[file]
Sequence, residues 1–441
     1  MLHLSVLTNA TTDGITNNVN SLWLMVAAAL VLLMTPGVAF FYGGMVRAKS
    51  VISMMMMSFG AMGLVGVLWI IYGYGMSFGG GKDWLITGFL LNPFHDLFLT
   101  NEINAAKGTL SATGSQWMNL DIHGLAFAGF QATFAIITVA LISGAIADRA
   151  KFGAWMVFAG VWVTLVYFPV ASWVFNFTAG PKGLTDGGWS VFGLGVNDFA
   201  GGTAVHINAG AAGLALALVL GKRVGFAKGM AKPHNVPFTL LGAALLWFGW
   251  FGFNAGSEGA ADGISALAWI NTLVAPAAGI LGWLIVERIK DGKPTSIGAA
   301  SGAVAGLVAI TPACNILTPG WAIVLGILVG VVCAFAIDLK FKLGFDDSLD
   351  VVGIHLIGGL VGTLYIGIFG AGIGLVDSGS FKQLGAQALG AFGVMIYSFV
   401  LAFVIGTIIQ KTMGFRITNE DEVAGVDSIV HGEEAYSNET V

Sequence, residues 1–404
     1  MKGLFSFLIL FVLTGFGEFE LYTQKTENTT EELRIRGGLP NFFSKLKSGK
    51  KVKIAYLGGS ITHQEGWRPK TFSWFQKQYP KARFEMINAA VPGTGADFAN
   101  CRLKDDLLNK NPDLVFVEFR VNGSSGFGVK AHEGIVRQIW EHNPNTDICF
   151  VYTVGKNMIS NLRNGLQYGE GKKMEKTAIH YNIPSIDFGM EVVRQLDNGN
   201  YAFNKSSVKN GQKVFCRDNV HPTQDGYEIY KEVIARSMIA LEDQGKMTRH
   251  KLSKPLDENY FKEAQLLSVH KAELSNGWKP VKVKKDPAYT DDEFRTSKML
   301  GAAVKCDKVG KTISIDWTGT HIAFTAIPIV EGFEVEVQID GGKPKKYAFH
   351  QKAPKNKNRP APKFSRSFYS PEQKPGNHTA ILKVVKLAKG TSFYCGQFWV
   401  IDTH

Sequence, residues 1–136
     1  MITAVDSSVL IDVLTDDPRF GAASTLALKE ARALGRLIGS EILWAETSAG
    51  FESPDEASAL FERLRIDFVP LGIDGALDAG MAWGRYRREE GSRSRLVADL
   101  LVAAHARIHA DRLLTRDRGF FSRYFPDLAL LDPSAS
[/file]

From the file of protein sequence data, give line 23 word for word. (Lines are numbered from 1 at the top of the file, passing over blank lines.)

    51  FESPDEASAL FERLRIDFVP LGIDGALDAG MAWGRYRREE GSRSRLVADL